Continuous dental replacement is an exceptional mechanism in mammals because they usually have only two generations of teeth, contrary to their reptilian ancestors. In continuous dental replacement there is constant addition of teeth at the rear of the jaw. Up to now, this characteristic has been only found in the pygmy rock-wallaby and in manatees, and it remains barely documented. However, we recently discovered an African mole-rat displaying unusual dentition, which reopens the debate concerning tooth replacement and the origin of supernumerary teeth in mammals.

The silvery mole-rat (Heliophobius argenteocinereus) is a solitary African rodent that spends most of its lifetime digging burrows in order to find food (Figure 130a). Occurrence of only a few supernumerary teeth has already been mentioned for this rodent, but continuous dental replacement had never been proposed, nor investigated. By means of the X-ray synchrotron microtomography, using beamlines ID19 and BM05 (at 25 keV, cubic voxel of 5.06 µm), the dental characteristics of this African mole-rat were accurately imaged to highlight the various properties of its dental replacement mechanism. Among 55 investigated skulls of H. argenteocinereus, one juvenile and one adult were chosen to be scanned. Comparisons have also been drawn with the dentitions of manatees and the pygmy rock-wallaby. The dental characteristics of the wallaby have also been investigated using beamline ID19 (at 60 keV, cubic voxel of 7.46 µm).

While the molar number never exceeds three in placental mammals, the silvery mole-rat can bear up to seven molars (Figure 130b-c). Indeed, the molars of this rodent are continuously replaced, since new teeth regularly erupt at the rear of the jaw, pushing the anterior teeth, which become extremely worn, and finally resorbed inside the bone (Figure 130c). The very high quality and precision of synchrotron reconstructions permitted us to visualise the resorption of both root and crown (Figure 131a), which is led by the compressive action of erupting molars on anterior molars. The originality of this dentition also relies on its high-crowned teeth. As a result, the occurrence of continuous dental replacement coupled to high-crowned teeth constitutes an excellent “escalator-like” dental mechanism (Figure 131b), necessary to withstand the effects of severe wear on teeth. This solitary rodent actively digs with its incisors irrespective of the hardness of the soil, therefore, we hypothesised that high wear of the molars could be linked to severe dental friction occurring during both digging and feeding.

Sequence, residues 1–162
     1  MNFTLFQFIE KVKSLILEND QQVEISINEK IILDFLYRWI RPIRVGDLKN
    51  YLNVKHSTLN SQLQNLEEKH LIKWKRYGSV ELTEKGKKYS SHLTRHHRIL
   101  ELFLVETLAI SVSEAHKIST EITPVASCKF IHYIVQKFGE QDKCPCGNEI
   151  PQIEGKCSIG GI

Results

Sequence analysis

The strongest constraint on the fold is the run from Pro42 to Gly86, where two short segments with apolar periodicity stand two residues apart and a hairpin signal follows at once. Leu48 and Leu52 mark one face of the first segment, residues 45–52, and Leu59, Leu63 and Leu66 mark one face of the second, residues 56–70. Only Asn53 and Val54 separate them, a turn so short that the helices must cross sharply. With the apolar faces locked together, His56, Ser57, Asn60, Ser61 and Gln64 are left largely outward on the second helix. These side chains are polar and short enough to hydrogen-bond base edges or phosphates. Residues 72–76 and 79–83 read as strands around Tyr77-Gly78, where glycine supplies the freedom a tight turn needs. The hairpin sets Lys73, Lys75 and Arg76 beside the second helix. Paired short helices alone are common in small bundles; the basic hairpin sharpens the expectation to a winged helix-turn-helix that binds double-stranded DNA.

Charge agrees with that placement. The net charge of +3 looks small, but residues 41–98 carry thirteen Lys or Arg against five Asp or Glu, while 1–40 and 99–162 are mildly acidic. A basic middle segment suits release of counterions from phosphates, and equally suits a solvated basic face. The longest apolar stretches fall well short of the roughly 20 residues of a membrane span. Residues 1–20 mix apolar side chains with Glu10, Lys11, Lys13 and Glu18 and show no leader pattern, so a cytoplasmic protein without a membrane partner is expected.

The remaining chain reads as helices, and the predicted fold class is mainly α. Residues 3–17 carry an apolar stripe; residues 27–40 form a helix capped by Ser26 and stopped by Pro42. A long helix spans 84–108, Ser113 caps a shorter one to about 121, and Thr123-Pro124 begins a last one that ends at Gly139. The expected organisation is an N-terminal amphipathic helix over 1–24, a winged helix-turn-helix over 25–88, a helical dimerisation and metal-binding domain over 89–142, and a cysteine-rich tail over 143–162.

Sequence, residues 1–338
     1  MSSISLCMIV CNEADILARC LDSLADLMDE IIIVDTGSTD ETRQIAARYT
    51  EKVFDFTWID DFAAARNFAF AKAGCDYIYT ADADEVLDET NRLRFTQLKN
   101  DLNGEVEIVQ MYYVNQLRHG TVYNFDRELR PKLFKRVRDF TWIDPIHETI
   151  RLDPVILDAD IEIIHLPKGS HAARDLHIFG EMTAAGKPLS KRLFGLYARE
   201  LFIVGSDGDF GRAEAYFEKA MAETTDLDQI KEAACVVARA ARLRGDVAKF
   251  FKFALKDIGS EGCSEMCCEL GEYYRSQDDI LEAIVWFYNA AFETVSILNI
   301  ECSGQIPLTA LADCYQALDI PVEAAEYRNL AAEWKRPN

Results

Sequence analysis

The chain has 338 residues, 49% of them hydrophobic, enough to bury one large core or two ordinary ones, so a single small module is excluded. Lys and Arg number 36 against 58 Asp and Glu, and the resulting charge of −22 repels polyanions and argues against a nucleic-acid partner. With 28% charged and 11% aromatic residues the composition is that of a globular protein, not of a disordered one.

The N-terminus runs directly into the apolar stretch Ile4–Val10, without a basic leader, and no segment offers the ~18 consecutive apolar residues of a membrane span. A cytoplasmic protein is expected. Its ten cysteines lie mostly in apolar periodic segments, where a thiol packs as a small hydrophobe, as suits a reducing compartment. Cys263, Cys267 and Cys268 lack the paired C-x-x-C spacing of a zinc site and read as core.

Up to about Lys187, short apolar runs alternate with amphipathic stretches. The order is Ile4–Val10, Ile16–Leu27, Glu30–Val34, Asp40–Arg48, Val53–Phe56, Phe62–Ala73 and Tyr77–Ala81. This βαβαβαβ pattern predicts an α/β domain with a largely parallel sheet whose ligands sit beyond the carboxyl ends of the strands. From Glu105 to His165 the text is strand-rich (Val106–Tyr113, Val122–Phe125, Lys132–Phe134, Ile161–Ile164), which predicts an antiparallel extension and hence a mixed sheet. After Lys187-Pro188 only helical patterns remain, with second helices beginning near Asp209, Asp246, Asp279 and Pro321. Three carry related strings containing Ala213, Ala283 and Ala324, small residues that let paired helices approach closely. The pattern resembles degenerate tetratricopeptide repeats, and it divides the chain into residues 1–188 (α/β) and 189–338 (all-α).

Fig. 130: a) Foreside of a captive silvery mole-rat, b) 3D reconstruction and c) Virtual cross-section of the upper dentition of an adult silvery mole-rat.

What do the comparisons with other mammals having continuous dental replacement reveal? Manatees and the small wallaby display low-crowned teeth contrary to this mole-rat. Moreover, their dental resorption is only efficient for the roots of their teeth. Synchrotron reconstruction of the wallaby’s dentition also allowed us to clearly show that the anterior molars are not totally resorbed (Figure 131c), but rather they are shed when they reach the front of the jaw. Even if the mechanism is convergent with the rodent’s dental system, it still reminds one of a “treadmill” (Figure 131d), and is clearly optimised for gnawing abrasive plants. Apart from these differences, we found that the three mammals and some of their extinct and extant relatives shared some biological traits essential for continuous dental replacement. They comprise a forward movement of new teeth from the rear to the front of the jaw (mesial drift), the continued eruption of teeth after the age of sexual maturity (delayed eruption), and the growth of extra teeth (supernumerary teeth).


Fig. 131: a) 3D reconstruction in lateral view of a lower tooth row and b) model of dental replacement of the silvery mole-rat. c) 3D reconstruction in lateral view of a lower tooth row and d) model of dental replacement of the pygmy rock-wallaby (green arrows: molar progression; red arrow: tooth loss).

What is the main biological interest of this rodent? Manatees and the pygmy rock wallaby are not suitable for an accurate study of continuous dental replacement, because of their size and their endangered status.

Mice, the usual biological model, do not have any of the dental characteristics previously detailed. Consequently, this mole-rat could be the better biological model for an extensive study of the continuous dental replacement’s underlying mechanism, which could represent a basis to understand the developmental and molecular processes leading to additional molars. Further research on this topic will be of high interest, notably regarding the knowledge of dental stem cells in relation to the origin of extra teeth in mammals, and thus leading to the eventual goal of the regeneration of dental tissue in humans.


Principal publication and authors

H. Gomes Rodrigues (a), P. Marangoni (a), R. Šumbera (b), P. Tafforeau (c), W. Wendelen (d) and L. Viriot (a), Proc. Natl. Acad. Sci. 108, 17355-17359 (2011).

(a) IGFL-ENS Lyon-UCBL1 (France)

(b) PrF, University of South Bohemia, Ceské Budejovice (Czech Republic)

(c) ESRF

(d) Royal Museum for Central Africa, Tervuren (Belgium)